The human body healed itself naturally for thousands of years before the advent of modern medicine. It has great recuperative ability. After the complete removal of the tumor, several options may be considered for managing the wound.
Healing by spontaneous granulation
Letting the wound heal by itself is rarely done, but does decrease the chance of a recurrent cancer being invisible or hidden and in selected body locations offers an excellent cosmetic outcome. If at any time during the course of healing, the scar is deemed to be unacceptable, a cosmetic surgical procedure can be performed
Closing the wound or part of the wound with stitches
This procedure often speeds healing and can offer good cosmetic results, especially when the scar can be hidden in a line of facial expression or wrinkling. Sutures generally remain in place for 5 to 7 days and occasionally up to two weeks, depending on the location. Do not bathe the area until the dressings are removed. You must avoid swimming for 25 days.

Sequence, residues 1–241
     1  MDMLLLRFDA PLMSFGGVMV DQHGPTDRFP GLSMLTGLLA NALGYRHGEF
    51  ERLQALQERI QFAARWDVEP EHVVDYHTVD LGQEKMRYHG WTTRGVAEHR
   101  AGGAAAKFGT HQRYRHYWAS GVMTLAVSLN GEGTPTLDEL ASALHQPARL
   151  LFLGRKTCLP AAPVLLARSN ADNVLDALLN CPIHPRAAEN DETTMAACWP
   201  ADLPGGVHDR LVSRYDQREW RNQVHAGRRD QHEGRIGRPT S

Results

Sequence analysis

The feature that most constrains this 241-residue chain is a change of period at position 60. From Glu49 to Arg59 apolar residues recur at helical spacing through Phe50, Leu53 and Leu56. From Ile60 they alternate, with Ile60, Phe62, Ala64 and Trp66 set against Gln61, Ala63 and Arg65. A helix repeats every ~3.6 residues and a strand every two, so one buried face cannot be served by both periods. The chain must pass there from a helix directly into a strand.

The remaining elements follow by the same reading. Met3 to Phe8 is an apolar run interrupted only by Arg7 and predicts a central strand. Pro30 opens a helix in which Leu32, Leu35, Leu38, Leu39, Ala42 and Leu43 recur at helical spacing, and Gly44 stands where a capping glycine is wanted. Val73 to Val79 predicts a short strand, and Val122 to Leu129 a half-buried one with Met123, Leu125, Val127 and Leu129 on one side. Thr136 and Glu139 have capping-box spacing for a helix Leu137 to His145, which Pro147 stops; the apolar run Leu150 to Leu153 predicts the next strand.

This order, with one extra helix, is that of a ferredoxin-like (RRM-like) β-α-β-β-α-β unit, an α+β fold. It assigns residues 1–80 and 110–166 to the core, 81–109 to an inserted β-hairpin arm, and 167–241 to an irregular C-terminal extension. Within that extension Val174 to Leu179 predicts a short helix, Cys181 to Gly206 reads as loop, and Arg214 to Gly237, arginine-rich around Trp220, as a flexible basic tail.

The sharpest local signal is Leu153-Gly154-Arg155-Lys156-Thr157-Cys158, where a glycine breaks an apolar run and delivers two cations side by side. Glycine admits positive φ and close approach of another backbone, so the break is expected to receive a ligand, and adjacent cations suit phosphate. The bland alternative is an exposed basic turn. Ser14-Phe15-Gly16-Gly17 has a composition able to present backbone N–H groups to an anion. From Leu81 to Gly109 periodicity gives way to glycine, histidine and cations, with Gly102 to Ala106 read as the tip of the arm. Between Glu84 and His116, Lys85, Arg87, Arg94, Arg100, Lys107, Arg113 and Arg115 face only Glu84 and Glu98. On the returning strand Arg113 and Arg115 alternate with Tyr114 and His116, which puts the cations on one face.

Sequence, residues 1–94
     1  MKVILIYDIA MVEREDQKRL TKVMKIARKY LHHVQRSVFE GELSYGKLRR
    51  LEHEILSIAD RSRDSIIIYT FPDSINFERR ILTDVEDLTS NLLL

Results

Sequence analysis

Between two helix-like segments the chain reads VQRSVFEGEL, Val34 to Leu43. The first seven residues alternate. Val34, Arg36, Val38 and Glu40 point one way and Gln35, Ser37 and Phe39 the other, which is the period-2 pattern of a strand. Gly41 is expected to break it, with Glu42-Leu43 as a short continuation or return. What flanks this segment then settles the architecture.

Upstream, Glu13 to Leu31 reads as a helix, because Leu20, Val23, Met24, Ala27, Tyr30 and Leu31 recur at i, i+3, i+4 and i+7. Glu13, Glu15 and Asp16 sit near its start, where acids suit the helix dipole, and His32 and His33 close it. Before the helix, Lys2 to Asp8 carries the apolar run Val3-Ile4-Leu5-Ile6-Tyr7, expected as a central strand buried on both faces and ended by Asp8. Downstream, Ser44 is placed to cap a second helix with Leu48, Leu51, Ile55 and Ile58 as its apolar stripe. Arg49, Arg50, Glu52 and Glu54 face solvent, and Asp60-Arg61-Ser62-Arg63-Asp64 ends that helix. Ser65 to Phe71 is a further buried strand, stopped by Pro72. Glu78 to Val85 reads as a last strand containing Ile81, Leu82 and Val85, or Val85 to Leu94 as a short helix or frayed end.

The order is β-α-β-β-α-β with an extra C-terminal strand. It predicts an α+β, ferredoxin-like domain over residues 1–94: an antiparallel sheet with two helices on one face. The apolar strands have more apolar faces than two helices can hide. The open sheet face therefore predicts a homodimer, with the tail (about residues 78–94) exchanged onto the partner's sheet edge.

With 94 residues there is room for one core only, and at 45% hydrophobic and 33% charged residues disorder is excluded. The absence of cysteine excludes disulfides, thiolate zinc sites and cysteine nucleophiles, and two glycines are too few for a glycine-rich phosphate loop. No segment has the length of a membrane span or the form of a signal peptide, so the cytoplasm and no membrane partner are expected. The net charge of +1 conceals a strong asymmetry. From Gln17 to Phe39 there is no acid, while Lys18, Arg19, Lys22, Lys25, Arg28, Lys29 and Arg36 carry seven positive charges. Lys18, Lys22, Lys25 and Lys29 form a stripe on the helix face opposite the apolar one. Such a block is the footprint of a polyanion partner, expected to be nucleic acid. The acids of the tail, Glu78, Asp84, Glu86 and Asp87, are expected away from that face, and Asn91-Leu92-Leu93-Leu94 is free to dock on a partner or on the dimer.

Closing the wound with skin grafts, flap repairs, or other reconstructive procedures
For wounds that are too large for primary closure, Dr. Miller may repair the wound with a flap or skin graft. Occasionally, a further tune-up of the repair may be needed, such as laser abrasion or scar revision. Sometimes delayed closures of wounds may be required. Dr. Miller will re-discuss these options with you after the cancer has been totally removed. PATIENTS REFERRED FOR MOHS SURGERY BY ANOTHER SURGEON WILL HAVE THEIR REPAIR DONE BY THAT SURGEON ON THE DAY OF MOHS SURGERY OR THE NEXT DAY.